Dinner by Heston @ Mandarin Oriental Hotel

There has been a lot of hype over ‘Dinner’ since it opened in early 2011, Heston Blumenthal’s latest endeavour in collaboration with the Mandarin Oriental Hotel. Shooting straight to number 9 as a new entry to the league tables of The Worlds 50 Best Restaurants and praised by the most discerning of food critiques, I was chuffed to bits when my friend made a lucky last minute reservation as a treat for my birthday.

A world away from the alchemy that The Fat Duck brings, Dinner is a much more modest affair. Its ‘USP’ is a menu inspired by British gastronomy of times gone by, elevated to the present era through contemporary cooking techniques. As you browse the menu, the approximate date of each dish is noted, and a brief blurb on the reverse reveals the inspiration behind each one. Little cards were placed on the table with random facts, however these read more like an excerpt from an encyclopaedia and were a bit lost on me…

Located in the Mandarin Oriental Hotel and backing onto Hyde Park, the ambience is what you would expect of a high end hotel in prime location London. Decor was subdued, dark wood dining furniture and low hung, slightly medieval looking chandeliers with candle-like lights. The visual stimuli really came from the glass chamber of chefs located to one side of the dining room, and we were delighted to bag a top spot with tranquil views of Hyde Park to one side and the hustle and bustle of the kitchen to the other. We weren’t lucky enough to have Heston on site on the day, but had plenty of opportunity to catch Head Chef Ashley Palmer-Watt as he commanded the service of his rather calm brigadier of chefs.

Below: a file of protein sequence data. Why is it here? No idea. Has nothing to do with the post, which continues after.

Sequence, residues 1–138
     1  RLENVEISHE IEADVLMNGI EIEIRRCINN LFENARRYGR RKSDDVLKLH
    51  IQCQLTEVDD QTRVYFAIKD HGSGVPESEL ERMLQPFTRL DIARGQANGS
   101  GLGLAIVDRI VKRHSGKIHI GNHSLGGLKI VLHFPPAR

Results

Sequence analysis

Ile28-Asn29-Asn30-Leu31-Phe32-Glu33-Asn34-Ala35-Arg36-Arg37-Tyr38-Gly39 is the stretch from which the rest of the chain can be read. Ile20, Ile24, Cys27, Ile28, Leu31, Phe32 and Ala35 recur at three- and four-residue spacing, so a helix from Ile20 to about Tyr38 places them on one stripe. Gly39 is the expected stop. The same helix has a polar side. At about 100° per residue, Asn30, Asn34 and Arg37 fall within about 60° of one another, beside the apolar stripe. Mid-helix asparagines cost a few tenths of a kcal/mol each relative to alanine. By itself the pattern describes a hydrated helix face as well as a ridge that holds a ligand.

Suitably seated and pondering which of the lovely cocktails we were about to order, we were greeted by the sommelier who persuaded us to go for the “very, very, very good” champagne instead of the cocktail. The champagne was nice, but on reflection felt as though he was a little pushy in his recommendation, and can only assume he did this as pouring two glasses of champagne is much easier than making two different cocktails. The wine menu was extensive, but expensive! The cheapest bottle of red was about £35 and £40 for white.